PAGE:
From bench-top to bedside

Summer 2013

How research begun 20 years ago is transforming patient care today

Lawson Health Research Institute’s Dr. David Bailey is no stranger to publicity. Two years before he competed for Canada at the 1968 Olympics, he was the first Canadian to run a sub four-minute mile. He later went on to meet Roger Bannister, the first in the world to break the four-minute barrier.

“I thanked him for being an important motivational influence in my life,” says Dr. Bailey. “Much of what I have learned from athletics, like time management, hard work, determination and discipline, I’ve applied to my career in research.”  

Dr. Bailey’s early experience as a celebrity in sport served him well when he became the focal point of international media attention last year after he and his colleagues published their latest research study. The study, published in the Canadian Medical Association Journal, builds on more than 20 years of work by Dr. Bailey studying the impact of grapefruit juice on how certain drugs are metabolized.

“CBC came here and they did an interview in the lab, and it was on The National news broadcast. And then it went totally viral, including most major media in Canada, and there was also extensive coverage in the United States (ABC World News with Diane Sawyer, NBC), Europe, Australia and New Zealand. Was I surprised? Sure. Basically, we felt it was an important educational document for health-care professionals and were just glad to have it in a high impact journal.”

His research finding, as with so many major scientific discoveries, was stumbled upon by accident. 

Bailey was originally investigating the impact of alcohol on a drug used to treat high blood pressure. The study was blinded – meaning the subjects could not know whether they were drinking alcohol or not – so he needed to find a mix that would mask the taste.

“I had already tried orange juice, which was no good, and all kinds of things like lemonade, grape juice, etc., and none of them worked. It was my wife Barbara who said, ‘There is a can of grapefruit concentrate in the freezer if you want to try that.’ And it worked.”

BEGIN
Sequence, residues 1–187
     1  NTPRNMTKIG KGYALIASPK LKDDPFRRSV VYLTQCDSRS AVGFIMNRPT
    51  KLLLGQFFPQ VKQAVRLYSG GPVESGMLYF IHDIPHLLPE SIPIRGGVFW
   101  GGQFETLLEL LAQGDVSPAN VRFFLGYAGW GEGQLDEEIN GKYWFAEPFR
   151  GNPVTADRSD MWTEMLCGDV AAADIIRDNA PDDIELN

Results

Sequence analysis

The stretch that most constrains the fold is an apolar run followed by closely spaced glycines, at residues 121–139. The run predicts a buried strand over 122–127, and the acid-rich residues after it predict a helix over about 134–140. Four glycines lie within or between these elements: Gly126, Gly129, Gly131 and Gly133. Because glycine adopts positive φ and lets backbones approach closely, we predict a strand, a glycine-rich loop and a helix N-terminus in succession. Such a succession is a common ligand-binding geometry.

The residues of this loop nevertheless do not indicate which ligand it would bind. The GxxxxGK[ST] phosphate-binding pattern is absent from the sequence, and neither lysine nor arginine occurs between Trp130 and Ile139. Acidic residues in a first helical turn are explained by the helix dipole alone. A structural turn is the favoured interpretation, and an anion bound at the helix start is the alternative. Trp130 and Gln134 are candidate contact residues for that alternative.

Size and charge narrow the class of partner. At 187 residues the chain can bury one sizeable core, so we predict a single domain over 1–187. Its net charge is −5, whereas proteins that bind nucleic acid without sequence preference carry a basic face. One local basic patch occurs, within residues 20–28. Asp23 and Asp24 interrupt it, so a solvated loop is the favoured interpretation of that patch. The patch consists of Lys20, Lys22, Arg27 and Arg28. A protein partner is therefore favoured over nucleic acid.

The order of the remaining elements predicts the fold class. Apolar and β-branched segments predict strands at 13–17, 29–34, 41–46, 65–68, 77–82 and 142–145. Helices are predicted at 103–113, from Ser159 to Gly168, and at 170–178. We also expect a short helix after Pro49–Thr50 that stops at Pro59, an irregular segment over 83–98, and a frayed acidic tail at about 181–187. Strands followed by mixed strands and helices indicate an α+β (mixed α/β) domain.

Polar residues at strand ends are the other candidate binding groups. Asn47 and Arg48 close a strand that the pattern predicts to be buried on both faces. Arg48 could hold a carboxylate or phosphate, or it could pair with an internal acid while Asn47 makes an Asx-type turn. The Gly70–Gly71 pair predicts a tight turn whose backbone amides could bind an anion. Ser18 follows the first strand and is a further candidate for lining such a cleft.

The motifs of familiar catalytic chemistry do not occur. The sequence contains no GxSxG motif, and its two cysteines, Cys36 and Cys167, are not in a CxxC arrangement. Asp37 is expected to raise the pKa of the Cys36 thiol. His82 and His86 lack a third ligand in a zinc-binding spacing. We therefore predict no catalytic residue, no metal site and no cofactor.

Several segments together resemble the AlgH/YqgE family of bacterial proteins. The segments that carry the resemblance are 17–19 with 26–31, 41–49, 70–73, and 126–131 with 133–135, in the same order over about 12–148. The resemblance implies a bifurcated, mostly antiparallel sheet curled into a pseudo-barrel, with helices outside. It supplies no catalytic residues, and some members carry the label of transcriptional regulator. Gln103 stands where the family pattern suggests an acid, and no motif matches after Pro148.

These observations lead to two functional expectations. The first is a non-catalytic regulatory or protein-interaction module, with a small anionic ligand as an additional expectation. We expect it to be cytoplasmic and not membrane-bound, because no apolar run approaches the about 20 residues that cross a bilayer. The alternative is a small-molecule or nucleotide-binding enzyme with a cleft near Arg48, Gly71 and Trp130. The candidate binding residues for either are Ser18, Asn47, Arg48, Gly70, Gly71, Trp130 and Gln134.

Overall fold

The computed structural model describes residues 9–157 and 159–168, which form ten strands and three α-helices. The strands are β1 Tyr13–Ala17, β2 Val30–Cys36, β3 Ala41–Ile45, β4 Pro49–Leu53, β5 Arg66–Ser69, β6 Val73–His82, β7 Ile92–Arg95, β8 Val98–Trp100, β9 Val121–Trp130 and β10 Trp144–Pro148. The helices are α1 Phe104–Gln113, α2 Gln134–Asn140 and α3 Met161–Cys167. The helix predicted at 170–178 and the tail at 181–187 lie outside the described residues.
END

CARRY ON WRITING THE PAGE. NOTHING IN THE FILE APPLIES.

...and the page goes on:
When he received the results of the study, one thing was unexpected. The level of drug in the blood was much higher than anticipated regardless of whether the subjects drank the alcohol or not. Was it because the subjects had received their medication with the grapefruit juice?

“So I decided to do a pilot study, on me, to find out. Once I took the drug with water, then I took it with grapefruit juice. My drug levels were five times higher with grapefruit juice,” he says. “That was a big eureka moment.”

The result was so unusual it was met by some with skepticism, even disbelief. However Dr. Bailey’s first major study on this interaction was published by the prestigious medical journal, The Lancet, in 1991. That led to a major story in the New York Times.

“The next big question has always been, ‘how relevant is this clinically?’. And there was always this argument, ‘so it boosts the level of the drug – so what’?” 

Time and further study answered that question and lengthened the list of drugs impacted by grapefruit juice – some with serious, possibly even fatal, consequences. Bailey’s 2012 paper almost doubled the previous list of drugs he had identified to a total of 85, and the number of life-threatening drug interactions grew from 17 to the mid-40s.

That news caught the world’s attention. “The day the article first came out, I did nothing but answer the phone and do interviews and I was convinced the media calls would end that day. That proved not to be the case.”

Julia Capaldi, who has worked as a communication consultant with Lawson Health Research Institute for the last nine years, said “I have never seen a story get this kind of pick-up – over 1,200 hits worldwide. By the end Dr. Bailey didn’t want to hear from me anymore. He was exhausted from talking about this so much!”

The media requests still persist, which is fine with Dr. Bailey, since his primary purpose in publishing the study was to create awareness of an accidental discovery that is today saving lives. “This is my legacy paper, the most important thing I have ever written.” 

Previous Article
Next Article
Dr. David Bailey in his laboratory space
The first and most recent medical journals to publish the research